Traditional vocabulary strategies are passive exercises that have little impact in the long run, write Lynne Dorfman and Aileen Hower. Students need lots of exposure to a word before they can fully understand and apply it. They need frequent, engaging and meaningful encounters with words.
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When teacher Jay Wamsted tweeted about why and how teachers should leave school on time and not work at home or on weekends, he lit up edutwitter as teachers took sides for and against his proposition. In Dina Strasser’s interview, Wamsted explains and expands on his thinking.
Learn how middle grades teacher and NBCT Kathie Palmieri is using the upgraded and rebranded Flip video tool (formerly Flipgrid) on a daily basis to engage her students, show quick lesson reviews, and get them talking about what they did and didn’t understand. Helpful tips included.
Do you invite student talk? If we want kids to engage in the lessons we’re teaching, they need to see us valuing what they have to say. Kelly Owens shares tips for creating a “two-way” classroom community and home connections that encourage authentic dialogue and build trust.
Digital literacy leader Brett Pierce lays out the elements of digital storytelling and shows how students can take the lead in using digital tools to collaborate, think critically, problem solve, and present publicly, creating digital narratives around core curricular goals.
How can teachers make sure “visual classroom noise” doesn’t diminish learning opportunities for students? Curtis Chandler draws on research to suggest we choose colors carefully and reduce clutter – stowing away anything that doesn’t have a direct, daily impact on learning.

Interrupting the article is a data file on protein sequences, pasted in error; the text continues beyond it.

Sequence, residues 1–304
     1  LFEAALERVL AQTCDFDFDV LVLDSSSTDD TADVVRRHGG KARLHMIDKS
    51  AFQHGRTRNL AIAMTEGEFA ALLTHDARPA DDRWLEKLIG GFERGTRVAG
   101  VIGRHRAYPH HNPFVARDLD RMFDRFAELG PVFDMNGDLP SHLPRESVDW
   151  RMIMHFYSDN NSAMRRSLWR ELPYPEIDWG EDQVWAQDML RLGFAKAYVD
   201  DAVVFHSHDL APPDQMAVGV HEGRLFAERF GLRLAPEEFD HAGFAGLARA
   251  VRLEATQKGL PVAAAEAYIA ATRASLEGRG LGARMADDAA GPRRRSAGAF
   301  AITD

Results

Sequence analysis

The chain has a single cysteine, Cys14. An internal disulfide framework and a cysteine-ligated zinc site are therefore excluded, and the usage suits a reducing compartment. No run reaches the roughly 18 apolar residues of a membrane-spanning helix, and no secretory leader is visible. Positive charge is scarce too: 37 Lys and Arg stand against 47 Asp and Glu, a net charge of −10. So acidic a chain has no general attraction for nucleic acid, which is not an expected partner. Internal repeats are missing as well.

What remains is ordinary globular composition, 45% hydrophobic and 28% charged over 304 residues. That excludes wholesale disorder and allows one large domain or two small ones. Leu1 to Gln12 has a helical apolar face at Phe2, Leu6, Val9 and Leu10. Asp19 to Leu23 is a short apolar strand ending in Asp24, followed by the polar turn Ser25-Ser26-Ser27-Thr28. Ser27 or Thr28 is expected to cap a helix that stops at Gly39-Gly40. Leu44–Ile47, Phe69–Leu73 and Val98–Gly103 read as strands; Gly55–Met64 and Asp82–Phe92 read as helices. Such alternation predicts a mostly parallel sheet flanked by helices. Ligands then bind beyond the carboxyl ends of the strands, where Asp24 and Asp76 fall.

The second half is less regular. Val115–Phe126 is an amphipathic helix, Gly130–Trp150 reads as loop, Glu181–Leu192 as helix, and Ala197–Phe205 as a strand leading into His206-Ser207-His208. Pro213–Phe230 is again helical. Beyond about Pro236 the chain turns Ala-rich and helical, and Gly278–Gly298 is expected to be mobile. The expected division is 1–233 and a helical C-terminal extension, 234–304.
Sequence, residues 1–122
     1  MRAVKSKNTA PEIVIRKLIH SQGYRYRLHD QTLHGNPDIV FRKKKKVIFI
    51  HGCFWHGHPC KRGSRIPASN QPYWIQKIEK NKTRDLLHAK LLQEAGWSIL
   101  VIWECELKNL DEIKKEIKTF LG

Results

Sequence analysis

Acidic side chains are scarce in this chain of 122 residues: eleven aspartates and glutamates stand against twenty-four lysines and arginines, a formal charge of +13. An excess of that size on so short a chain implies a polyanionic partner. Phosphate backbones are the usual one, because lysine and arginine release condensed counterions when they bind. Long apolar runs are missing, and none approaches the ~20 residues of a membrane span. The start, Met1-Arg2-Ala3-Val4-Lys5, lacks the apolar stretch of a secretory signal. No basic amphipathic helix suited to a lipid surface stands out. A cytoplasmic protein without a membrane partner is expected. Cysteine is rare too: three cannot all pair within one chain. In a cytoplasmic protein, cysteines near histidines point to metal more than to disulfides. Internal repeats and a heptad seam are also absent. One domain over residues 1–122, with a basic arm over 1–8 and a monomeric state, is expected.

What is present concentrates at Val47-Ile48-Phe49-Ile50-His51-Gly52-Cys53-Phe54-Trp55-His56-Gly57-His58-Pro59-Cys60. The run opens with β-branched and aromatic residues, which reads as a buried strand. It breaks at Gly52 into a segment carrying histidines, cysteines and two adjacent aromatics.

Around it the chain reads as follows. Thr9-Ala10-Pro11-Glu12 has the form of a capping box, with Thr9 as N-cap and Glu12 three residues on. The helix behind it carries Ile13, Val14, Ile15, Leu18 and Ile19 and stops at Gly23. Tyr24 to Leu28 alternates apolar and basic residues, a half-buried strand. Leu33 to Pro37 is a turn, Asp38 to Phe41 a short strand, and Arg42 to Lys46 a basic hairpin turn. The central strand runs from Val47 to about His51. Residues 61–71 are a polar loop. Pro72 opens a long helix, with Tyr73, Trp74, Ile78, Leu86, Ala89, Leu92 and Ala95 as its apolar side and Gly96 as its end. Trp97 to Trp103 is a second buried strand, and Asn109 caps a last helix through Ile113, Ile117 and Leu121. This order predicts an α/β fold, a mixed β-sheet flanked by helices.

Laura Robb has long championed the idea that reading and access to books are civil rights. In this story of turning around reluctant readers, the celebrated educator makes a powerful case that when kids have lots of book choices and lots of time to read in and out of school, they’ll become readers for life.
Learning to problem solve is no easy feat for the students or the teachers in math classrooms. 5th/6th grade teacher Mona Iehl shares ideas for incorporating practices in daily lessons that can help build a ‘safe and sure’ culture where reasoning and problem solving are the norm.
The life skills students learn in our classes prepare them to thrive in the real world. Middle grades teacher Laleh Ghotbi shares some lessons from her effort to use weekly community-building circles in her classroom to help students learn to respect their differences and focus on common values.
Choice in reading is about student autonomy and motivation. It’s especially effective with kids who don’t like to read. Stephanie Farley’s well-honed system lets 8th graders read any text they choose AND meets standards – even though they never all read the same book.